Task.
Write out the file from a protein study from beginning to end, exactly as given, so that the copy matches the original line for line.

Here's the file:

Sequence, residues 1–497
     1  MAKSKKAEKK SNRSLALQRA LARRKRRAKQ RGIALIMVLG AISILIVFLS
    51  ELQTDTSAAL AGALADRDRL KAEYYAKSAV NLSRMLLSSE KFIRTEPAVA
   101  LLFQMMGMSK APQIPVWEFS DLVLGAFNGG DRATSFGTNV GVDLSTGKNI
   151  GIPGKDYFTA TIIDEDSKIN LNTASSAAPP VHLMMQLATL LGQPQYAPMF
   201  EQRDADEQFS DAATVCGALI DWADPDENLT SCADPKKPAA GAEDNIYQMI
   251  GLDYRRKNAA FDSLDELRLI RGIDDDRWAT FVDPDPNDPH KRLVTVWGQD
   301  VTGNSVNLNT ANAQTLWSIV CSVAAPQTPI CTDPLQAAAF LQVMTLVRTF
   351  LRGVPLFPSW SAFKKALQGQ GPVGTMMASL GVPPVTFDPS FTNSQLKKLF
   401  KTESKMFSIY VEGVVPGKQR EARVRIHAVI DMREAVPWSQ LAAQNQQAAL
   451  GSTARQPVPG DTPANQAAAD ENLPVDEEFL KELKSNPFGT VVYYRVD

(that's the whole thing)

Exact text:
Sequence, residues 1–497
     1  MAKSKKAEKK SNRSLALQRA LARRKRRAKQ RGIALIMVLG AISILIVFLS
    51  ELQTDTSAAL AGALADRDRL KAEYYAKSAV NLSRMLLSSE KFIRTEPAVA
   101  LLFQMMGMSK APQIPVWEFS DLVLGAFNGG DRATSFGTNV GVDLSTGKNI
   151  GIPGKDYFTA TIIDEDSKIN LNTASSAAPP VHLMMQLATL LGQPQYAPMF
   201  EQRDADEQFS DAATVCGALI DWADPDENLT SCADPKKPAA GAEDNIYQMI
   251  GLDYRRKNAA FDSLDELRLI RGIDDDRWAT FVDPDPNDPH KRLVTVWGQD
   301  VTGNSVNLNT ANAQTLWSIV CSVAAPQTPI CTDPLQAAAF LQVMTLVRTF
   351  LRGVPLFPSW SAFKKALQGQ GPVGTMMASL GVPPVTFDPS FTNSQLKKLF
   401  KTESKMFSIY VEGVVPGKQR EARVRIHAVI DMREAVPWSQ LAAQNQQAAL
   451  GSTARQPVPG DTPANQAAAD ENLPVDEEFL KELKSNPFGT VVYYRVD